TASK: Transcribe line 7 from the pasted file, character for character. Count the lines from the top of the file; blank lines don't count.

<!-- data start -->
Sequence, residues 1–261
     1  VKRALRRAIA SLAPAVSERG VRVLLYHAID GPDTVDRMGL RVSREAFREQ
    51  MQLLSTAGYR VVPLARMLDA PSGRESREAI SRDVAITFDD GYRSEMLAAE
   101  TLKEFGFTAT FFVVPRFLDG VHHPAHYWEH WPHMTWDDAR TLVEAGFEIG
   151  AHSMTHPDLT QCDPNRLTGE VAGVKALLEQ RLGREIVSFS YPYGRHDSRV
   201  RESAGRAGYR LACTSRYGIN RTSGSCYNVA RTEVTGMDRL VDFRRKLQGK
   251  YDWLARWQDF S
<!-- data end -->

   251  YDWLARWQDF S